The first market of the season was held on Friday, May 4. There were 13 vendors with an abundance of items to sell. Some of the items were asparagus, spinach, winter onions, radishes, rhubarb, chicken eggs, noodles, herbs, dry hot pepper, jams, jellies, snacks, bakery, homemade angel food cakes, duck eggs, plants, and crafts. There was a large crowd. Most stayed and listened to the live music and enjoyed a sandwich from the Tama County Beef Producers.
Even though the season started early, there is plenty of asparagus to be purchase.
According to the Michigan State University Extension, asparagus has been cultivated for thousands of years. The crop was brought to North America by English colonists. Jefferson cultivated it in his gardens.
Asparagus needs a well-drained spot in full sun. Asparagus does not tolerate saturated soil conditions. Asparagus requires a high pH. You can use a pH of about 7.0 or a little higher. It will grow in a lower pH, but research shows that lower pHs are more conducive to the growth of the Fusarium fungi. This is what eventually kills asparagus plants.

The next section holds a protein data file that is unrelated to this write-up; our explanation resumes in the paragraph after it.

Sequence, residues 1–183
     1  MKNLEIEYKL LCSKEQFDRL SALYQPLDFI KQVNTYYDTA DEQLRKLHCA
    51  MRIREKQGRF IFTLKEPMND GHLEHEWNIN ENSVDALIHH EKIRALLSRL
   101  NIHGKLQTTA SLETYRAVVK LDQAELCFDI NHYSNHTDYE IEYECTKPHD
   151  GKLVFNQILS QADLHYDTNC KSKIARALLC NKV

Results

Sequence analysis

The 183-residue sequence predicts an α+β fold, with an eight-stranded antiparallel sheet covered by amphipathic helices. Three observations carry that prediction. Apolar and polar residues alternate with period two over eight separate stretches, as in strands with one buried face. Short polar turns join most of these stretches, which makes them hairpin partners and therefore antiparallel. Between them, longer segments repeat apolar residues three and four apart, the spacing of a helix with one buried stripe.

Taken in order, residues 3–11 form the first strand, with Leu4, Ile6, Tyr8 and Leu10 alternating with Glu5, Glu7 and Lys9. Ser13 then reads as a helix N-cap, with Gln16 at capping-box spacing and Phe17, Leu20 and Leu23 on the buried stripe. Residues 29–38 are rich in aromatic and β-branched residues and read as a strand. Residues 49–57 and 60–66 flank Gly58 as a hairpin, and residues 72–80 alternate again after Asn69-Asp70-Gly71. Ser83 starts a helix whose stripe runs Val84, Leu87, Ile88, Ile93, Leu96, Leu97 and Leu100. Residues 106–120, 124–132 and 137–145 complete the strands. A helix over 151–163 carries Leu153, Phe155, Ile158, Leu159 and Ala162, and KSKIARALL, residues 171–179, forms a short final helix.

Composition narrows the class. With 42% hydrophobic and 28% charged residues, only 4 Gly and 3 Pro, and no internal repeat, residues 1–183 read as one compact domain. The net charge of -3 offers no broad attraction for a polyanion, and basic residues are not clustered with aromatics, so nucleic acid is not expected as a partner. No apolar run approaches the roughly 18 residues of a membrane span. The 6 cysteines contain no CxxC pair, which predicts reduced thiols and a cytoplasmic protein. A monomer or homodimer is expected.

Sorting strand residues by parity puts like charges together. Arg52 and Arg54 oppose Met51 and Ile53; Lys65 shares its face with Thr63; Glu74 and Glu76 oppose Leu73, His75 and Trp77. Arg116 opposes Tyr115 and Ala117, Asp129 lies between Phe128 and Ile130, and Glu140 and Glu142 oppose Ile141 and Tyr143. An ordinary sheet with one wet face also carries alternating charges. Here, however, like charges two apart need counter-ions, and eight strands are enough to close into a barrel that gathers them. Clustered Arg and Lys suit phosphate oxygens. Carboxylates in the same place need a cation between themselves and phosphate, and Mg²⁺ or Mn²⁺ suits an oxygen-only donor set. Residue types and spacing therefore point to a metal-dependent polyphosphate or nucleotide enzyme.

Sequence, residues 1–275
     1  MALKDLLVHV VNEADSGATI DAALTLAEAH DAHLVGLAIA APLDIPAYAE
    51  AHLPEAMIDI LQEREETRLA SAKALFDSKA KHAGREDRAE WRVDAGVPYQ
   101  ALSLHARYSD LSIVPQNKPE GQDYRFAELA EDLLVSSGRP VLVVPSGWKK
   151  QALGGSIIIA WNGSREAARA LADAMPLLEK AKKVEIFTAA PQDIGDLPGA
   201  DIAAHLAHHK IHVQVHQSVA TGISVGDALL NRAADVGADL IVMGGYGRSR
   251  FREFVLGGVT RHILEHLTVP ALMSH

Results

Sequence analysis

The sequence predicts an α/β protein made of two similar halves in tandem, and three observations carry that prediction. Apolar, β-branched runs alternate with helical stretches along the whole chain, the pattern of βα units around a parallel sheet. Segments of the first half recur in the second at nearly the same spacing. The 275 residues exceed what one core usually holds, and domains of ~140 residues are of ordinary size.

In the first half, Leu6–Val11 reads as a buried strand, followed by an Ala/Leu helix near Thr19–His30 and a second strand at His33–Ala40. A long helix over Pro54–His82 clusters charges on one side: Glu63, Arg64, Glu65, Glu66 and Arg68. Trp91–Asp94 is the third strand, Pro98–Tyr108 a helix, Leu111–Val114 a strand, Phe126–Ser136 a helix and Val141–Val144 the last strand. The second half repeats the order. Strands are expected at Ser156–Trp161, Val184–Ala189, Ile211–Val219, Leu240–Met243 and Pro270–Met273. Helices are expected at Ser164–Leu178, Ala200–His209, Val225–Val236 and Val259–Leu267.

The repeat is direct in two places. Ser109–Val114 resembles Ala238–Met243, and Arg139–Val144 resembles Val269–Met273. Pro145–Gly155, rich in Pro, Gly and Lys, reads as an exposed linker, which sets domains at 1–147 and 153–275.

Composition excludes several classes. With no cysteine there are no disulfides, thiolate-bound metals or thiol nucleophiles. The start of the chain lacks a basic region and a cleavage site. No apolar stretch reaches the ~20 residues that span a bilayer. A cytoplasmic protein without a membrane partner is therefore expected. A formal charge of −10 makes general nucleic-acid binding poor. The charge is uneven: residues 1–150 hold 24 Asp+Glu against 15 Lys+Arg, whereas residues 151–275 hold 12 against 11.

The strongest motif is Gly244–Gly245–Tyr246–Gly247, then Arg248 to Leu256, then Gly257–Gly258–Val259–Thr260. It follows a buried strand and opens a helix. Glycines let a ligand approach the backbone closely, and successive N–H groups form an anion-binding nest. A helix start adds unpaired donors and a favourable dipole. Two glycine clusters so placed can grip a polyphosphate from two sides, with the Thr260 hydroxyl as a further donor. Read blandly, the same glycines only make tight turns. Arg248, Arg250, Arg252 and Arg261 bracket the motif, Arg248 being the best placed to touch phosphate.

If you have one of the Washington varieties planted in your garden, they are unimproved, non-hybrid varieties. Hybrid means "all-male" hybrids. In a non-hybrid bed you will have an equal number of male and female plants. You can only tell the difference between the plants when the berries appear on the female plants. It takes a fair amount of energy to grow the berries. A hybrid asparagus variety will have less than half female plants Female plants generally produce larger spears.
You can harvest from a newly planted bed the third year after planting. You ask how much can you harvest off a new bed?
Try to harvest 8 to 12 times the first year of harvest. You will need to harvest every day in warm weather or every four days in very cool weather. The second year of harvest you can pick the bed for about four weeks. The third year of harvest you can pick for the full season, which is 6-7 weeks.
If the number of spears in a harvest drops off dramatically beyond 15 pickings, or if the spear diameter drops you may want to consider ending harvest early. This yield drop tells you the crown is beginning to experience stress. Also, you should harvest all the spears that come up until the end of the harvest period.
After the end of the harvest season, the spears should be allowed to grow. When the mature fern appears it is re-charging the crown for the next season. Keep your green fern healthy throughout the post harvest season, this will increase your yield and quality for the next growing season.
See you at market.